Mortgage rates can be a little bit mysterious. Newspapers and the media are telling us these rates are at historic lows. But what does that mean for you? Will they go up over time? Is your payment going to change?
Questions about how mortgage rates work are some of the most frequent questions we get from our clients. To help guide you, we went ahead and put together this little cheat sheet.
The loan type is the central feature determining whether your rate will increase at any point during the life of your loan. Fixed rate loans mean the annual percentage rate (APR) charged is locked in for the full loan term. The most common terms for fixed rate loans are 15 and 30 years, although there are some other variants out there in the market.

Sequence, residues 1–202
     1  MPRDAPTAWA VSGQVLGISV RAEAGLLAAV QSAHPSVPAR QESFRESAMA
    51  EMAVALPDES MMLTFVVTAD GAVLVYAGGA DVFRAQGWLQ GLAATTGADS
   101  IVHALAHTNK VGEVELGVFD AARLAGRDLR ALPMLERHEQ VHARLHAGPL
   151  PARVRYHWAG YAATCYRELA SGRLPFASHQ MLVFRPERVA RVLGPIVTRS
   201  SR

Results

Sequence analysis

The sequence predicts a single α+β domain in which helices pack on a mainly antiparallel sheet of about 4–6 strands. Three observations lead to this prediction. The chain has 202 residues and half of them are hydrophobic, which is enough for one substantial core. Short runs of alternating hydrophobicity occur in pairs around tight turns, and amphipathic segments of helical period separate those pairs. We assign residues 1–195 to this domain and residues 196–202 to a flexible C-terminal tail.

On the other hand, variable rate loans carry an interest rate pegged to the market rate. As it fluctuates (up or down), so does your interest payment and loan amount. These are often referred to as adjustable-rate mortgages (ARM), variable rate mortgages, or tracker mortgages.
Refinancing is taking out a new loan, with new terms, to pay off your existing loan. Many people refinance fixed mortgages to obtain a lower interest rate, or as a means to take cash out of the equity in their home. Other people use refinancing to switch from an ARM to fixed rate.
It depends. Contact the experts here at Midland Mortgage to find out the current mortgage rates and financing options best suited to your situation.